Supercook allows you to select from a much larger list of ingredients, the results can be customised by key ingredient and even cuisine, and it suggests ingredients you might want to buy to be able to cook even more things (a fantastic feature!).
As with most things BBC, the main website food section and the dedicated Good Food website are fantastic.
For those searching for ideas for particular ingredients the food ingredients section is a gold mine. The list includes a ridiculous amount of ingredients, from the everyday to the weird foodie ones you’ve never even heard of before.
Each entry has information about the ingredient, usually easy ideas for preparing, buying and storing tips, and links to all the recipes that feature that ingredient within the website.
Most recipes are somewhat complicated and have long lists of ingredients as they are created by chefs rather than homecooyks or bloggers, but if you check the comments section you can usually find ideas to simplify them. Or you can look for a simpler version. Searches like ‘easy xxx’ or ‘quick xxx’ will usually give you a few dozen options (just replace the xxx for the recipe name or you will end up in some very NSFW websites!).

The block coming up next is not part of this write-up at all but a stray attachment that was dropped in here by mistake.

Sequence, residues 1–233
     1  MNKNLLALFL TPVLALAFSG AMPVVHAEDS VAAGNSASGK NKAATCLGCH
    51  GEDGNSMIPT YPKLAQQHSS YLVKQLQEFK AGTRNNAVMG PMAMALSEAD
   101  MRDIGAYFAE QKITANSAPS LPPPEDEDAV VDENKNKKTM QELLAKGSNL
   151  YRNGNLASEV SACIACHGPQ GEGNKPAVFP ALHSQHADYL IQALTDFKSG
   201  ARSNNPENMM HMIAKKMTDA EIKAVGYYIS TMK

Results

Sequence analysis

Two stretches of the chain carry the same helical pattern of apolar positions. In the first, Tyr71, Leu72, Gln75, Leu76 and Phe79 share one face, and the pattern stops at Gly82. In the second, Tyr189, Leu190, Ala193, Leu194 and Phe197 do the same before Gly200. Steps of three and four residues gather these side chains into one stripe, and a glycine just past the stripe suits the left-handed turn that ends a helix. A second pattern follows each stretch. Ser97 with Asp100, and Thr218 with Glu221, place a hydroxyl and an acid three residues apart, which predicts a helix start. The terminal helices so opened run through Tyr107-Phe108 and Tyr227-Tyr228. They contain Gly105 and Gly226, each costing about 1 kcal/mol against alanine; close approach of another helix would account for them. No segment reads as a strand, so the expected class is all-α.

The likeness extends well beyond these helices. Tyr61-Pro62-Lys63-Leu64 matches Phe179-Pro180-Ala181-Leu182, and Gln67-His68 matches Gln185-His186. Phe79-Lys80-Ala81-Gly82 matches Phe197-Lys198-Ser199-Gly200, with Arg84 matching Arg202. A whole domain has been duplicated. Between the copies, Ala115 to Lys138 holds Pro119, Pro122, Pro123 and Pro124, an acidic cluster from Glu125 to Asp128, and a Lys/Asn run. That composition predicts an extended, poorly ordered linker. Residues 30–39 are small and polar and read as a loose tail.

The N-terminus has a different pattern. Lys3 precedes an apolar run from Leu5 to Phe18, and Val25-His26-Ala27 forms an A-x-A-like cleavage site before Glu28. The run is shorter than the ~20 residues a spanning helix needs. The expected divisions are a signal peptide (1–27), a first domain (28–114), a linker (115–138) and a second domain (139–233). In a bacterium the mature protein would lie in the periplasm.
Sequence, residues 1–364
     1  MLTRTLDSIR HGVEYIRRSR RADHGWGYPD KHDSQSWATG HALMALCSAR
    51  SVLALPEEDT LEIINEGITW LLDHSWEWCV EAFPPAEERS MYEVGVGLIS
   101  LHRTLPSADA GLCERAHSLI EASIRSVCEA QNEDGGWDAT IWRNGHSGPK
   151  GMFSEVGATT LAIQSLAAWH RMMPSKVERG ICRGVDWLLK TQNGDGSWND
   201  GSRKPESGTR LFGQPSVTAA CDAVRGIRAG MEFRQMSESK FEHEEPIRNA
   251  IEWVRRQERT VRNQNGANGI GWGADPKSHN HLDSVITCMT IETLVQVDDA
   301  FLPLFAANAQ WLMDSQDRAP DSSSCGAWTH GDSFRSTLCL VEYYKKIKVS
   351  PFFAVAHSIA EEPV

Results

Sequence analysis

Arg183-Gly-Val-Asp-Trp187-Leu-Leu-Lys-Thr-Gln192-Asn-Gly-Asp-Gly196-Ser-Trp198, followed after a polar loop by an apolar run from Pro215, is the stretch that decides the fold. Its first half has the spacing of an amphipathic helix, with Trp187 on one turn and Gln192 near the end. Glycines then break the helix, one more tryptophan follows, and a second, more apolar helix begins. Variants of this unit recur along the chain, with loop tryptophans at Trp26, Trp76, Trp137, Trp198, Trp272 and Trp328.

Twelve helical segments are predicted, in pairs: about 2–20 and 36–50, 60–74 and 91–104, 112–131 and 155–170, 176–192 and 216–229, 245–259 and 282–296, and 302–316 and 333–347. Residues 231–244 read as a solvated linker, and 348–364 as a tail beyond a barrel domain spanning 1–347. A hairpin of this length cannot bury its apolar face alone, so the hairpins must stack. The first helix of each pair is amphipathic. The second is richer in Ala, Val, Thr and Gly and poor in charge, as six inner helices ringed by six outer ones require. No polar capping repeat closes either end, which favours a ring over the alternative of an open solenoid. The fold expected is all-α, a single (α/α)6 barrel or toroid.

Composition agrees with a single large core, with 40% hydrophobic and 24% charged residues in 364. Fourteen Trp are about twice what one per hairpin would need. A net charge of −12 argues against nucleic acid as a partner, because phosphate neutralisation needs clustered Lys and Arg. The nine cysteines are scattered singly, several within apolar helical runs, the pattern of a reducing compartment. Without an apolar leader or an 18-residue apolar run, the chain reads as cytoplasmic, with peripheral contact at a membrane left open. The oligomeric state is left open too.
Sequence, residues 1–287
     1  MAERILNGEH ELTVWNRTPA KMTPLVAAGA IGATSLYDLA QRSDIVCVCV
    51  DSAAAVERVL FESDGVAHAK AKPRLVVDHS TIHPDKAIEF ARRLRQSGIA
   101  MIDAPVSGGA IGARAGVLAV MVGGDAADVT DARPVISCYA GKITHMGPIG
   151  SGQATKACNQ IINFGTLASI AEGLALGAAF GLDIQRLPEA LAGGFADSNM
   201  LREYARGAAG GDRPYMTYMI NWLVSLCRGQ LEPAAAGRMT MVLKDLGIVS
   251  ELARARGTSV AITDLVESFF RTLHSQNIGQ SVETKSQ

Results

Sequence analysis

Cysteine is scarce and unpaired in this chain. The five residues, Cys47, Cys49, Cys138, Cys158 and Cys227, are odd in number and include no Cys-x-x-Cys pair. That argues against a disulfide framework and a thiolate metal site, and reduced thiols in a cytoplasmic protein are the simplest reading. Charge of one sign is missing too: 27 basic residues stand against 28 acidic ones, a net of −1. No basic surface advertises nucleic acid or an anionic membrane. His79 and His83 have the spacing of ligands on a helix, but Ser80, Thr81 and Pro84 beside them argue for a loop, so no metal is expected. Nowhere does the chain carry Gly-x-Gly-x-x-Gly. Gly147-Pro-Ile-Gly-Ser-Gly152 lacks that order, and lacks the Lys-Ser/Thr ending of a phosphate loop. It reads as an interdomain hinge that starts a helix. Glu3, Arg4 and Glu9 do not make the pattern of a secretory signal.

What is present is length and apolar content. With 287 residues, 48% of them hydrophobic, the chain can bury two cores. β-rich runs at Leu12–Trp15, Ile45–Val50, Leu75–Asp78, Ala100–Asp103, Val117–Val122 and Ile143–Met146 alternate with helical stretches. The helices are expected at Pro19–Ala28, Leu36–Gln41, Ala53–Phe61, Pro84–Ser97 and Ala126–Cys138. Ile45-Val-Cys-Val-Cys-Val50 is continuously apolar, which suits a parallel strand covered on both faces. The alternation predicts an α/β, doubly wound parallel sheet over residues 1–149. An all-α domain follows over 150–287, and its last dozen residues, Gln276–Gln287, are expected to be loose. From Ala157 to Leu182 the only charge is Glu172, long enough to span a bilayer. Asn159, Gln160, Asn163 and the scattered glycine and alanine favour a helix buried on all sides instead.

Most food articles have a section dedicated to how the ingredient is commonly used and many feature either a list of dishes or a collection of photographs of recipes. Sometimes dishes are linked to a wikibooks cookbook recipe, but not usually.
Once you have an idea, you can go from wikipedia to Yummly or allrecipes to find a recipe you like through their search engines.
reddit has a fantastic user base willing to share their knowledge (and there’s some very knowledgable people there).
There are many subreddits dedicated to food and cooking, but your starting points should be r/food, r/askculinary, r/cooking and r/recipes. Each subreddit has its own tone and you will probably feel more comfortable in some than others.